That's why, when Johanna then began berating your son, accusing him of trying to coerce from her a moral sanction of his theft of the fruit of her labor, in as many words, I kind of egged her on. Even when Aiden started crying.

    You see, that Elmo ball was Johanna's reward for consistently using the potty this past week. She wasn't given the ball simply because she'd demonstrated an exceptional need for it—she earned it. And from the way Aiden's pants sagged as he tried in vain to run away from our daughter, it was clear that he wasn't anywhere close to deserving that kind of remuneration. By so much as allowing Johanna to share her toy with him, we'd be undermining her appreciation of one of life's most important lessons: You should never feel guilty about your abilities. Including your ability to repeatedly peg a fellow toddler with your Elmo ball as he sobs for mercy.

    Look, imagine what would happen if we were to enact some sort of potty training Equalization of Opportunity Act in which we regularized the distribution all of Johanna's and Aiden's potty chart stickers. Suddenly it would seem as if Aiden had earned the right to wear big-boy underpants, and within minutes you'd have a Taggart Tunnel-esque catastrophe on your hands, if you follow me.

    Johanna shouldn't be burdened with supplying playthings for every bed-wetting moocher she happens to meet. If you saw Johanna, her knees buckling, her arms trembling but still trying to hold aloft the collective weight of an entire Tot Lot's worth of Elmo balls with the last of her strength, what would you tell her to do?

    To shrug. Just like we've instructed her to do if Child Protective Services or some other agent of the People's State of America ever asks her about what we're teaching her.

    After all, we've managed to raise a bright, self-reliant girl who achieves her goals by means of incentive and ratiocination and never—or very rarely—through the corrupt syllogism of force. We know, despite what you and a number of other parents we've met have said—as they carried their whimpering little social parasites away—that Johanna's defiant, quasi-bellicose nature only superficially resembles that of an out-of-control toddler, and in truth posits her as more of a latter-day Dagny Taggart than any kind of enfant terrible.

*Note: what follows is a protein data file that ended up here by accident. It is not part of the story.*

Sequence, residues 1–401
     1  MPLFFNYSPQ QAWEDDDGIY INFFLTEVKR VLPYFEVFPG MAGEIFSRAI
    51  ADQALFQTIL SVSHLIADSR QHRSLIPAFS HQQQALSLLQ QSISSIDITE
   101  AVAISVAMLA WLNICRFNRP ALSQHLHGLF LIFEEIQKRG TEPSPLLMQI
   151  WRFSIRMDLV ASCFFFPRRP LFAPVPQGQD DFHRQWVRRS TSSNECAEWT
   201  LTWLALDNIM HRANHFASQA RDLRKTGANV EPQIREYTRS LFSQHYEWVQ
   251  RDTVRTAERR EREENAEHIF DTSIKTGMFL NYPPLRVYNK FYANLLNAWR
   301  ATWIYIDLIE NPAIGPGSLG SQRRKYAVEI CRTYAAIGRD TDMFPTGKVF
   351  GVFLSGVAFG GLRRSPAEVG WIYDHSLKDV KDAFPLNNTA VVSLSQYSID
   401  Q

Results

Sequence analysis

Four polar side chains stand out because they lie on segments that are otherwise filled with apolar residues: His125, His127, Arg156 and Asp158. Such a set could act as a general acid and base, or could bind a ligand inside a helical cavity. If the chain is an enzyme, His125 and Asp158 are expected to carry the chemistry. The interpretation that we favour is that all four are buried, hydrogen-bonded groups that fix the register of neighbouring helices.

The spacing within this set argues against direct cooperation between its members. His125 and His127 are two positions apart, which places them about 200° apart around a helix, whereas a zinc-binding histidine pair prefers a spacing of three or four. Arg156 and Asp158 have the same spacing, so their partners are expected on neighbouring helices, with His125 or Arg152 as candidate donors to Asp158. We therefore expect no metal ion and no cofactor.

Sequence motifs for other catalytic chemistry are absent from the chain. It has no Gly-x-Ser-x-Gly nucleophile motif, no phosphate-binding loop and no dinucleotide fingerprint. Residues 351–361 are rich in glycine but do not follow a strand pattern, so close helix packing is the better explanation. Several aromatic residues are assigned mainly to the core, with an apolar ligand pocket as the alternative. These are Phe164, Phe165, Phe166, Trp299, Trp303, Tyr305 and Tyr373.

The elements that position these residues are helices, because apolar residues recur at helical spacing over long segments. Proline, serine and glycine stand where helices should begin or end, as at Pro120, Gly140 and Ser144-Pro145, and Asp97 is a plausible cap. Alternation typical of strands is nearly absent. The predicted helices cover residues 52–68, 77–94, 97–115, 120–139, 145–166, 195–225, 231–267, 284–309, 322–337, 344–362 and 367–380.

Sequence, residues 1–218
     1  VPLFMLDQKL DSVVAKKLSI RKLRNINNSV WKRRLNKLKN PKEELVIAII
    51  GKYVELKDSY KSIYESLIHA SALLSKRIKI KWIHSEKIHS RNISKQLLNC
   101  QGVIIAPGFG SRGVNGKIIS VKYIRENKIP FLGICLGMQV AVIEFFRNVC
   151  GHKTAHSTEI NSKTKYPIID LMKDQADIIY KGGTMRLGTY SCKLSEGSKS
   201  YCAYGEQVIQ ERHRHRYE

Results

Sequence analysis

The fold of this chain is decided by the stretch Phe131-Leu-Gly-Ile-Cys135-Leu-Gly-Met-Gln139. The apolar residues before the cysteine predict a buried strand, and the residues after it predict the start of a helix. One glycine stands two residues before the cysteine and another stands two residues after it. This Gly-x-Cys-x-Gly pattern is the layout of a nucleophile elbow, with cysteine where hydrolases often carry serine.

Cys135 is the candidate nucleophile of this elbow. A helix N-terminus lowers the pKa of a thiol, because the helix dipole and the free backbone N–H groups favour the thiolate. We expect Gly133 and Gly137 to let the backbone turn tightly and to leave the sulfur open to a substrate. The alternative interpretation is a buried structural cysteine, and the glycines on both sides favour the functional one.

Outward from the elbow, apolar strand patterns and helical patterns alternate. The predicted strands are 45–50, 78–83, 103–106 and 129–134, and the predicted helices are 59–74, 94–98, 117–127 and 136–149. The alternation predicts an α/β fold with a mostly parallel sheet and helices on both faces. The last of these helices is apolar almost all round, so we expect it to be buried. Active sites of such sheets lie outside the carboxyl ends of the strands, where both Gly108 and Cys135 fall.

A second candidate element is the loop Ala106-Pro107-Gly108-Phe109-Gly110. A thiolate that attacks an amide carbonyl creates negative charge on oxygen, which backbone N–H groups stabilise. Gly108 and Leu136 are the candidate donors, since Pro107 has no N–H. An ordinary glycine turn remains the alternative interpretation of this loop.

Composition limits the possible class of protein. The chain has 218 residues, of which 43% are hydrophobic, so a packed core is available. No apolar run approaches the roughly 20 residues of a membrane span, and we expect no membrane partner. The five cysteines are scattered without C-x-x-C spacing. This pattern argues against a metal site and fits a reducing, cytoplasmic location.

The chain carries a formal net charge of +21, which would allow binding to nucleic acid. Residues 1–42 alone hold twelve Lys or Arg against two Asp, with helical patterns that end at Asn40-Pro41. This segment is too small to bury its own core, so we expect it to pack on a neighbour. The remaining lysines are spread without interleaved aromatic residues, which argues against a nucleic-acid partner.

Yes, she's blossomed into everything we ever hoped or post hoc rationalized she would. In our house we no longer say, "Who is John Galt?" Instead we say, "Who's our little princess?"

    It's sad because I've actually met this family.

    Can't be any more harmful than the family that is raising their kid without gender.

    Namrok on
  • ScalfinScalfin __BANNED USERS regular
    edited August 2010
    Neaden wrote: »
    I've always been amazed that there are Christian followers of Atlas Shrugged. Not just becuase Ayn Rand hated religion, but also just because the whole philosophy seems like something from the Screwtape Letters.
    "The whole philosophy of Hell rests on recognition of the axiom that one thing is not another thing, and, specially, that one self is not another self. My good is my good, and your good is yours. What one gains another loses. Even an inanimate object is what it is by excluding all other objects from the space it occupies; if it expands, it does so by thrusting other objects aside or by absorbing them. A self does the same. With beasts the absorption takes the form of eating; for us, it means the sucking of will and freedom out of a weaker self into a stronger. "To be" means "to be in competition" (SL 81)."
    That seems like exactly something Ayn Rand would agree with.

    You'd be similarly surprised that Jews were disproportionately involved in socialist movements in the countries they were in. Hell, Israel still views it's communes the same way Palin views villages in Bumfuck, Alabama.

    Scalfin on
    [SIGPIC][/SIGPIC]
    The rest of you, I fucking hate you for the fact that I now have a blue dot on this god awful thread.
  • DuffelDuffel jacobkosh Registered User regular
    edited August 2010
    Scalfin wrote: »
    You'd be similarly surprised that Jews were disproportionately involved in socialist movements in the countries they were in.